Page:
Despite data confirming that the newer Omicron variant of COVID-19 is transmissible even to those who are double vaccinated and boosted, recent federal court decisions have resuscitated President Joe Biden’s vaccine mandates. Given the demonstrated transmissibility of Omicron to vaccinated and unvaccinated alike, it is widely anticipated that the Supreme Court will consider the necessity of all vaccine mandates when it hears oral argument on January 7, 2022. That is the date that the nation’s highest court is scheduled to hear oral argument on emergency applications to stay the two preliminary injunctions that remain in effect in the remainder of the nation. For now, the Centers for Medicare and Medicare Services (“CMS”) has announced that it will resume efforts to implement and enforce its COVID-19 vaccination mandate for healthcare workers (“Mandate”) in the states and territories where the Mandate is not currently enjoined. Illinois and Virginia are among these states.
CMS has revised the compliance deadlines for the Mandate as a result of the uncertainty created by the nationwide injunction issued on December 6, 2021. Phase 1 of the CMS mandate now requires all employees, contractors, and volunteers at health care facilities participating in Medicare or Medicaid to have at least 1 dose of a COVID-19 vaccine by January 27, 2022. Phase 2 requires that staff at all health care provider and supplier types included in the Mandate complete the primary vaccination series or have obtained an exemption by Feb. 28, 2022. These new compliance deadlines are applicable in the California, Colorado, Connecticut, Delaware, Florida, Hawaii, Illinois, Maine, Maryland, Massachusetts, Michigan, Minnesota, Nevada, New Jersey, New Mexico, New York, North Carolina, Oregon, Pennsylvania, Rhode Island, Tennessee, Vermont, Virginia, Washington and Wisconsin. CMS also will enforce its Mandate in the District of Columbia and the territories. This comes just two weeks after the Fifth Circuit Court of Appeals retracted a nationwide preliminary injunction against the CMS Mandate, instead of limiting the injunction to only the states involved in the lawsuit.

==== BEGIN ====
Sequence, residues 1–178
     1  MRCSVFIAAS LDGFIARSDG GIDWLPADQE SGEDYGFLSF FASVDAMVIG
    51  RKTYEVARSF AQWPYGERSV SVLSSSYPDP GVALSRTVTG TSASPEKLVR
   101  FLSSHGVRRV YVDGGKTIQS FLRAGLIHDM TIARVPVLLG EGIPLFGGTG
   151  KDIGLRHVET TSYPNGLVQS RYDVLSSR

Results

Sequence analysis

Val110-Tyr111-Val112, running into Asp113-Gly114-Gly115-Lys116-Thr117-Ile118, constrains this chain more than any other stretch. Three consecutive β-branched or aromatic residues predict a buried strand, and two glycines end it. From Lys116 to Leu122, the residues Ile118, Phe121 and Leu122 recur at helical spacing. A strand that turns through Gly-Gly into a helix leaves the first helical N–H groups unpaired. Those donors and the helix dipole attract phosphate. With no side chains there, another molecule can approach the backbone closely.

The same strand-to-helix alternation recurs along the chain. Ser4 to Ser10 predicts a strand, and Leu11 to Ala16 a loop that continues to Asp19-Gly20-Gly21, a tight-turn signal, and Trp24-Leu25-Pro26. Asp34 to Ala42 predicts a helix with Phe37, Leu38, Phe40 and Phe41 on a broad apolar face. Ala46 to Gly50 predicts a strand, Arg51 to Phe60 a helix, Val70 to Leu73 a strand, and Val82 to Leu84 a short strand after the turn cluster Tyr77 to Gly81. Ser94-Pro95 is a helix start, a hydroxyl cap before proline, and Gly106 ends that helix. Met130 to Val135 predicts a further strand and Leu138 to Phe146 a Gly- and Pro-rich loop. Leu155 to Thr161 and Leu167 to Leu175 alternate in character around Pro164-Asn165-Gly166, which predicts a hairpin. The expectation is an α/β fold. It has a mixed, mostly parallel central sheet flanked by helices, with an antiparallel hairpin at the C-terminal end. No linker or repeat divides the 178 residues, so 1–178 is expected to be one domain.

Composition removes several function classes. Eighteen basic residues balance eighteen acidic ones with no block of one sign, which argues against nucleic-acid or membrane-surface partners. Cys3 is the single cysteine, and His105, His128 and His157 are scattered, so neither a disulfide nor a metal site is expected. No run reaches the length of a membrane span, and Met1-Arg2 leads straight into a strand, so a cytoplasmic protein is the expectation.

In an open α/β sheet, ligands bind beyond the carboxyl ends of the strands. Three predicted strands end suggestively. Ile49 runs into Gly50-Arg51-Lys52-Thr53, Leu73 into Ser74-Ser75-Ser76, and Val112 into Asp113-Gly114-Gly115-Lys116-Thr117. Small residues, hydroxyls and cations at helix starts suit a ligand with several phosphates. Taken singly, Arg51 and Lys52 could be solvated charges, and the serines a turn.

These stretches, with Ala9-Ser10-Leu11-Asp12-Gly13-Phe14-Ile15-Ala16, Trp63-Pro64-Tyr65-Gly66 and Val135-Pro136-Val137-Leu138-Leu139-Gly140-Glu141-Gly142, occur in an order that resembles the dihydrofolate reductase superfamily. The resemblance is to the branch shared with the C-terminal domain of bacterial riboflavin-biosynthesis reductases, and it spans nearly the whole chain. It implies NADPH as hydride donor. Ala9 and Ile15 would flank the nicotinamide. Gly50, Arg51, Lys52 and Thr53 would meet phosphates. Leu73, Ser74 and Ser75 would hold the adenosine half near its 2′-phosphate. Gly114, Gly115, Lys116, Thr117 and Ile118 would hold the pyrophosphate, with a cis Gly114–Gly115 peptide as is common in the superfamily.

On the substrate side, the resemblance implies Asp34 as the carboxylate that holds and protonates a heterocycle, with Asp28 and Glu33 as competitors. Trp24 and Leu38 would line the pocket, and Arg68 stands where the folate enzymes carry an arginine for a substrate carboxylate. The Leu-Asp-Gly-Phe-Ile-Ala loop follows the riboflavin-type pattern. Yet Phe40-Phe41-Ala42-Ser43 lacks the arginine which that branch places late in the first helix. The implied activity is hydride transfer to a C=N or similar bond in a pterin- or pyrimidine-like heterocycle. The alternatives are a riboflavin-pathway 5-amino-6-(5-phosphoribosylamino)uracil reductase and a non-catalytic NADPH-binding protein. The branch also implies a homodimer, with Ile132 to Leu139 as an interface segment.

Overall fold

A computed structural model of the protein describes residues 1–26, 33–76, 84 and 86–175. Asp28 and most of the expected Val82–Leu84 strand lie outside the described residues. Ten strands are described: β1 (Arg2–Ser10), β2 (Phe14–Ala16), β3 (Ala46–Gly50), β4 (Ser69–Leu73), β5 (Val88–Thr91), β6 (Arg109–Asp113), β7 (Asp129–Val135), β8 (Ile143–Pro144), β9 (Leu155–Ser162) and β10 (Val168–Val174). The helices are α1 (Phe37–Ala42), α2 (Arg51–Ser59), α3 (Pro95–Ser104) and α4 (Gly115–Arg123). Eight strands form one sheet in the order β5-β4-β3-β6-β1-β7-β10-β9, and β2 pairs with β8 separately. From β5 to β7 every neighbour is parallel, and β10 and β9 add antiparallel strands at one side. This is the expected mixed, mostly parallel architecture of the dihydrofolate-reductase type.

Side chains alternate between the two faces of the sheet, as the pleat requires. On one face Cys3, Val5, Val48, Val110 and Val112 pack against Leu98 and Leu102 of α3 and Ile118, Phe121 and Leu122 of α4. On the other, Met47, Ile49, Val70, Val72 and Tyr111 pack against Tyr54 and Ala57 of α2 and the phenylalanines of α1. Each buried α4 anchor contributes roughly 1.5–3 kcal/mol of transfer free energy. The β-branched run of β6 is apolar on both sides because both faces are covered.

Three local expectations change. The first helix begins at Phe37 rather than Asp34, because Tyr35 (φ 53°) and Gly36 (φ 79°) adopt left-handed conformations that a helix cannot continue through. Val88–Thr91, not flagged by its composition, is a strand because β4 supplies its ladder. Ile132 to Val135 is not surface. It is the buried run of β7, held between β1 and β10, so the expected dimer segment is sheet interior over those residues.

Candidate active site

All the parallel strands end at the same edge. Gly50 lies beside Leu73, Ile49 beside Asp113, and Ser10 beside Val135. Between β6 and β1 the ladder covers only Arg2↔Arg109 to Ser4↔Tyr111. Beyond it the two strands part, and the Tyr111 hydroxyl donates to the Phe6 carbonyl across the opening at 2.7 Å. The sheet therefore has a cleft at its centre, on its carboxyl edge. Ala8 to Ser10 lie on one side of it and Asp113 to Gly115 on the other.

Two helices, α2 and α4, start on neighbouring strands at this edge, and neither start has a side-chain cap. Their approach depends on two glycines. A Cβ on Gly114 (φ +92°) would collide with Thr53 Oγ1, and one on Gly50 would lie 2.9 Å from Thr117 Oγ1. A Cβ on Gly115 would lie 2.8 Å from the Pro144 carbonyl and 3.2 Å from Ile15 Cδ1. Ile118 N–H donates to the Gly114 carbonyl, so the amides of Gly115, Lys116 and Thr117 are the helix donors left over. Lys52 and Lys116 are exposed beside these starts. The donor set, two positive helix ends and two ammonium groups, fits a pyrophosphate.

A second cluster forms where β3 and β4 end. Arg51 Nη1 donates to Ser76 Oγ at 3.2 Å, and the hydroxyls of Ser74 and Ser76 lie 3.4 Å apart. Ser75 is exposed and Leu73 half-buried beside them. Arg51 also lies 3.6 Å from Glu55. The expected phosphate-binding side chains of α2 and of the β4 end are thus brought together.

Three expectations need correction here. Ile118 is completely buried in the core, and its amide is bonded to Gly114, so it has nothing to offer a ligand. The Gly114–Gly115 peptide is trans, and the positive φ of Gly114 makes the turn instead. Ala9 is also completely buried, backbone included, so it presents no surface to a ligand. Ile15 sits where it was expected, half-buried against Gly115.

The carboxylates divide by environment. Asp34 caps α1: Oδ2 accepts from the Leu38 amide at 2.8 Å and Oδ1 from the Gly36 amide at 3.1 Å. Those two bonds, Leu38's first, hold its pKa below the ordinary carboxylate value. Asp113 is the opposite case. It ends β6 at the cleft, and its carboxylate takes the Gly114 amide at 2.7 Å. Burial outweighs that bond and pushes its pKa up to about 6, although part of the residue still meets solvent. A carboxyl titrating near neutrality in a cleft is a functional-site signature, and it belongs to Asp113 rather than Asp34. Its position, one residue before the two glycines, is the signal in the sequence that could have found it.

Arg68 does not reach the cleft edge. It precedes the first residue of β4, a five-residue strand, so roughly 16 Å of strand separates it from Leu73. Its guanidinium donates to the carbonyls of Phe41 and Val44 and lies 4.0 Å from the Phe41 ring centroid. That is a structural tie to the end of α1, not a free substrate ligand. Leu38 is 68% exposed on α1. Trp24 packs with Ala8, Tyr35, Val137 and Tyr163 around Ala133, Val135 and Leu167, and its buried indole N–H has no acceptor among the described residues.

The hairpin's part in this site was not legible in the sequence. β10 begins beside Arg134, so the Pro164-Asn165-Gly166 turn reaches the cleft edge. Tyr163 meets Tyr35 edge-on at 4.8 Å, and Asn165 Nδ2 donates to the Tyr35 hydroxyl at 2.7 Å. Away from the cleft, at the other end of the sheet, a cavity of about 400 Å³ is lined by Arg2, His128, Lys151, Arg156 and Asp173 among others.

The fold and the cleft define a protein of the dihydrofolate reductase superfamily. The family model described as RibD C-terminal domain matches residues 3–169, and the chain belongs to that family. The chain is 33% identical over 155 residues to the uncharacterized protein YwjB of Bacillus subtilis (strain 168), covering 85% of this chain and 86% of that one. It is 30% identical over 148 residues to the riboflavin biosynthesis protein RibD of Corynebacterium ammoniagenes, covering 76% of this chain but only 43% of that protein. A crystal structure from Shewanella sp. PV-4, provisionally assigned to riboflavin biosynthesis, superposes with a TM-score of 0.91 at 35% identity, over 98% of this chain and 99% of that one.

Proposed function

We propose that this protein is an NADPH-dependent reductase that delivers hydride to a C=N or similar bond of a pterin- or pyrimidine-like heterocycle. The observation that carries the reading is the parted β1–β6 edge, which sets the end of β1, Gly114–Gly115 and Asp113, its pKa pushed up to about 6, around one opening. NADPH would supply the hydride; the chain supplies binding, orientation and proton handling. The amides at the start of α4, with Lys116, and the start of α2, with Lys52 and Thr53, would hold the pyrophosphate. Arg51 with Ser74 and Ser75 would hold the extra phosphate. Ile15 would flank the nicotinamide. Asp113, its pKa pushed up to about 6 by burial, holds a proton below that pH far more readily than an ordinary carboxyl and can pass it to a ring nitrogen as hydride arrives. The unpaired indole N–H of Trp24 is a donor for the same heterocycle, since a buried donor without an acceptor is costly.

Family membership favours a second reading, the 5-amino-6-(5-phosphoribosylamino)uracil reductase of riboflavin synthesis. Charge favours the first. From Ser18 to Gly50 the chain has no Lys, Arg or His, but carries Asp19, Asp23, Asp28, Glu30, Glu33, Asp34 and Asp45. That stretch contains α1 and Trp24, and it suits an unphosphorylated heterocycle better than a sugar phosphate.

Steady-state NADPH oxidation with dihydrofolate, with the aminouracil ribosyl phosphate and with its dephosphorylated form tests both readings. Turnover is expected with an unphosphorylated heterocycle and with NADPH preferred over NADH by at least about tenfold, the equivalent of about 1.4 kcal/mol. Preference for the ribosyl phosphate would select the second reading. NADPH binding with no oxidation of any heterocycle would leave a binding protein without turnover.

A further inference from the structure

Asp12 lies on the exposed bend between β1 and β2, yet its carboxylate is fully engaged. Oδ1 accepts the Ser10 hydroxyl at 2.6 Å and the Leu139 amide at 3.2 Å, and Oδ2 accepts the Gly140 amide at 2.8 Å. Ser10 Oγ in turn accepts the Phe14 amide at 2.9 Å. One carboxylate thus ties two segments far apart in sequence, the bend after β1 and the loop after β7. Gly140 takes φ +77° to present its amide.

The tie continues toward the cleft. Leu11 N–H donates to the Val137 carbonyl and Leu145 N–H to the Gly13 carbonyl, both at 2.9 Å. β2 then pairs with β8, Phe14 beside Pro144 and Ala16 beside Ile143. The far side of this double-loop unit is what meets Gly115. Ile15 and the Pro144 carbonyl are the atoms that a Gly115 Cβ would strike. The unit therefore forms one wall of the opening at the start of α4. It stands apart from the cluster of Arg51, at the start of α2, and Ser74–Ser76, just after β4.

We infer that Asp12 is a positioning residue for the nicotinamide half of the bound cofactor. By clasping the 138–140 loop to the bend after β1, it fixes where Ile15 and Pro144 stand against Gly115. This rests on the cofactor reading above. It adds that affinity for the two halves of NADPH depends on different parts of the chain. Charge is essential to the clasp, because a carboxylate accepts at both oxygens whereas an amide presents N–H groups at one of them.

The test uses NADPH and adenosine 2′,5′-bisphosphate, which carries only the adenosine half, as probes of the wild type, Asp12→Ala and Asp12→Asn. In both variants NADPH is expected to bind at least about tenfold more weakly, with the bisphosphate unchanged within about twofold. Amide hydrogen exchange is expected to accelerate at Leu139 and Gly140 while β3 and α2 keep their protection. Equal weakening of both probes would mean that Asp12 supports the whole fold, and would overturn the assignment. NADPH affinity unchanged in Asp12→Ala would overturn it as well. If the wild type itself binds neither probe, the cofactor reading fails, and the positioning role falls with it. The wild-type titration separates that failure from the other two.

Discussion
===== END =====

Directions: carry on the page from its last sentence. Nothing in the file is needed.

The eyes of the entire healthcare industry will be focused on the Supreme Court’s January 7 oral arguments, as the CMS Mandate’s viability hangs in the balance. Although the Court will be deciding whether to allow the CMS Mandate to be enforced in the remaining states while the underlying legal issues are resolved in litigation, the Court’s decision will impact all states, including those not currently covered by the preliminary injunctions.